Climate change increases the likelihood of catastrophic avian mortality events during extreme heat waves

Biol Lett. 2010 Apr 23;6(2):253-6. doi: 10.1098/rsbl.2009.0702. Epub 2009 Sep 30.


Severe heat waves have occasionally led to catastrophic avian mortality in hot desert environments. Climate change models predict increases in the intensity, frequency and duration of heat waves. A model of avian evaporative water requirements and survival times during the hottest part of day reveals that the predicted increases in maximum air temperatures will result in large fractional increases in water requirements (in small birds, equivalent to 150-200 % of current values), which will severely reduce survival times during extremely hot weather. By the 2080s, desert birds will experience reduced survival times much more frequently during mid-summer, increasing the frequency of catastrophic mortality events.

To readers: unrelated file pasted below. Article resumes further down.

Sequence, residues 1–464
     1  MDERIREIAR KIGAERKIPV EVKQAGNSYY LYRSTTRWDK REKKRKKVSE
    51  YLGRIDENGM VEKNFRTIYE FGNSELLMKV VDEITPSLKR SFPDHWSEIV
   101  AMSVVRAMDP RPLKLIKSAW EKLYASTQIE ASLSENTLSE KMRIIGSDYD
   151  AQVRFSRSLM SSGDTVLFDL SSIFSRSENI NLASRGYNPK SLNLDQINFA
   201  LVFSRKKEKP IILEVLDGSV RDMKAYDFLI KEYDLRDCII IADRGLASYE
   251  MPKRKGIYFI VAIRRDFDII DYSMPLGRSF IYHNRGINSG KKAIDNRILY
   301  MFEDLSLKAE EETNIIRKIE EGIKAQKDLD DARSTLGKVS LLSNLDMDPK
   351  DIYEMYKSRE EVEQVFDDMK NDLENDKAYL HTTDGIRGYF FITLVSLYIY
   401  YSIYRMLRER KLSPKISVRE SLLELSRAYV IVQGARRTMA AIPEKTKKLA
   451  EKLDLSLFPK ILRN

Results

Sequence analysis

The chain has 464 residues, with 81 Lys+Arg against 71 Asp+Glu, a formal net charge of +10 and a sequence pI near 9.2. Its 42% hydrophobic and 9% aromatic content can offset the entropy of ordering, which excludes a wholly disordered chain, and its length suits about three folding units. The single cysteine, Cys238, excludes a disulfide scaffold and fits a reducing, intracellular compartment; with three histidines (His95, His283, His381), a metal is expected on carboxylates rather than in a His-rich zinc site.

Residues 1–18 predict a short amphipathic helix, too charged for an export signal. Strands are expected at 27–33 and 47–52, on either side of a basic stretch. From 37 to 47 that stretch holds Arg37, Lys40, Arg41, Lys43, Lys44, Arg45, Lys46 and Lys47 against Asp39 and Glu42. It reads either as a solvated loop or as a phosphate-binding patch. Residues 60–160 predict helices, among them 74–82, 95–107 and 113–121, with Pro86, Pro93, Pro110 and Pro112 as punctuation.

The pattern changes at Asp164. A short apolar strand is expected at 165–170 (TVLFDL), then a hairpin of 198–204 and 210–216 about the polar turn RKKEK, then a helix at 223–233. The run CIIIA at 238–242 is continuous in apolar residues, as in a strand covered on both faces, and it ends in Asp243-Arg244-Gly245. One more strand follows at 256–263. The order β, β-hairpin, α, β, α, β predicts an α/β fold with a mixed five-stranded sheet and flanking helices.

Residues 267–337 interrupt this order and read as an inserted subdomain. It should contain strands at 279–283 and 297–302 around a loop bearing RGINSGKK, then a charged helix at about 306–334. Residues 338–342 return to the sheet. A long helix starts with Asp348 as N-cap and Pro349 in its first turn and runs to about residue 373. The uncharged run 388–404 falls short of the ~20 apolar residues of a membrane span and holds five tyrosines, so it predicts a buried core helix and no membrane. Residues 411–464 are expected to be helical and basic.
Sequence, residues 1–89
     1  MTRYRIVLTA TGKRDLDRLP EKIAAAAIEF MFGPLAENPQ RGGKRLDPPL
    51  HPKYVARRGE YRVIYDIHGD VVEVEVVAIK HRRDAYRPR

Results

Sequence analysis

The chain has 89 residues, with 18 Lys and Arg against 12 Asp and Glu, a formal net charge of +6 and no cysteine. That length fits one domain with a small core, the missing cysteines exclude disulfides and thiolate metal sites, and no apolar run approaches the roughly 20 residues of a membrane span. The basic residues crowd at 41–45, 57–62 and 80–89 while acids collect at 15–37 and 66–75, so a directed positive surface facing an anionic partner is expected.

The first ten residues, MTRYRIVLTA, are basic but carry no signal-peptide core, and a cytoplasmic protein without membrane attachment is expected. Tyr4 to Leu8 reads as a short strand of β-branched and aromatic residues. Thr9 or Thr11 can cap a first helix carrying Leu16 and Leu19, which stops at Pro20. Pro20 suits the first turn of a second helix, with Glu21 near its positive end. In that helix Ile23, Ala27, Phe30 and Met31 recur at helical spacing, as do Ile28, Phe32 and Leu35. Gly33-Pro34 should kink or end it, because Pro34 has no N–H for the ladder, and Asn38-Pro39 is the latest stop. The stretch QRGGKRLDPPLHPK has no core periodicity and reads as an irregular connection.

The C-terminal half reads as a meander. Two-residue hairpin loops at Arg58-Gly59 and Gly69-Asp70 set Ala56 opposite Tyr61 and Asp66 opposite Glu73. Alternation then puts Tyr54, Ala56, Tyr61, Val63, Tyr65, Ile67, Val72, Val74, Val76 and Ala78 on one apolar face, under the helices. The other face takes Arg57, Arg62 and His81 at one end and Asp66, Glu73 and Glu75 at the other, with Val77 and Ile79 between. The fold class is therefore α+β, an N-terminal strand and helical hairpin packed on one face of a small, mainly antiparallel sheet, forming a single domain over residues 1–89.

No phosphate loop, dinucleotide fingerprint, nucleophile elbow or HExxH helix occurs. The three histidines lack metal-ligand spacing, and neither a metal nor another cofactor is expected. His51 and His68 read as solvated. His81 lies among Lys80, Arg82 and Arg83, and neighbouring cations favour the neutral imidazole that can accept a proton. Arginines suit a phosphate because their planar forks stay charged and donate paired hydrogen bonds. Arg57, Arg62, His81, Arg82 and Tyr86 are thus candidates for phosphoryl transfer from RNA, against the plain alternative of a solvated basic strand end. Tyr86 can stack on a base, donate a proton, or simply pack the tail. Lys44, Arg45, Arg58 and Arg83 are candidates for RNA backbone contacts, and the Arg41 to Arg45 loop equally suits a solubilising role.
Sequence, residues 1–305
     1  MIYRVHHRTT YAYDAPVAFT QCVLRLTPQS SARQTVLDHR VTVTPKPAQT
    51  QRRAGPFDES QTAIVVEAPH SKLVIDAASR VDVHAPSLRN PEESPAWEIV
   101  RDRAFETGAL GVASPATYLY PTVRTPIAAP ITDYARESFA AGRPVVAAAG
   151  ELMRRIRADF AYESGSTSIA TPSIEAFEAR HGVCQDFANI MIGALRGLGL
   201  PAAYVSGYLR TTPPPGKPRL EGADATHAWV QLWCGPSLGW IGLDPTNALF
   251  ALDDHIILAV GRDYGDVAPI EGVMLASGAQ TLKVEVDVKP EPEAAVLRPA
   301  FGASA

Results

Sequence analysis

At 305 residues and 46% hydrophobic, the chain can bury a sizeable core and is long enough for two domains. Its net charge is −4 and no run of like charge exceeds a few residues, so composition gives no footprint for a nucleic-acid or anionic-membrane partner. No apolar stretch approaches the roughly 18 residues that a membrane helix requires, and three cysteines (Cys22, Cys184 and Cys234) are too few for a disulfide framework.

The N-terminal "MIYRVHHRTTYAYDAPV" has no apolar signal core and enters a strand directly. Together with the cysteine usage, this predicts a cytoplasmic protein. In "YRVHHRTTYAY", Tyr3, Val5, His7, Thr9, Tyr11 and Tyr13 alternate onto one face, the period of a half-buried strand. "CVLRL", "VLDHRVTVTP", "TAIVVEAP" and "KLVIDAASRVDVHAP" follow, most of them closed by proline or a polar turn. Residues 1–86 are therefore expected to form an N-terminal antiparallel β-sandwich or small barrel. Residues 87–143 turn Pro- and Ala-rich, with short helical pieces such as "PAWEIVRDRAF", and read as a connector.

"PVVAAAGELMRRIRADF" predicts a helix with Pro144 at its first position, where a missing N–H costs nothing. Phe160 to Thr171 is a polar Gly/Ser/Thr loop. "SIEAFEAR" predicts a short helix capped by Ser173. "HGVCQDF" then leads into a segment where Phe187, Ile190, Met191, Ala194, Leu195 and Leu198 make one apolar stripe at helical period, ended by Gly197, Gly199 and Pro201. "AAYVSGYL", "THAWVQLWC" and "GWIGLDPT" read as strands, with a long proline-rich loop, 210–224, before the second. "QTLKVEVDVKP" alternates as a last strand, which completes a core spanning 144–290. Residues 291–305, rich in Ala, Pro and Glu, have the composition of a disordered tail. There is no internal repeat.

Publication types

  • Research Support, Non-U.S. Gov't

MeSH terms

  • Animals
  • Bird Diseases / mortality*
  • Birds
  • Body Size
  • Climate Change*
  • Dehydration / mortality
  • Dehydration / veterinary*
  • Desert Climate
  • Drinking / physiology
  • Hot Temperature*
  • Models, Biological*
  • Time Factors
  • Water Loss, Insensible / physiology*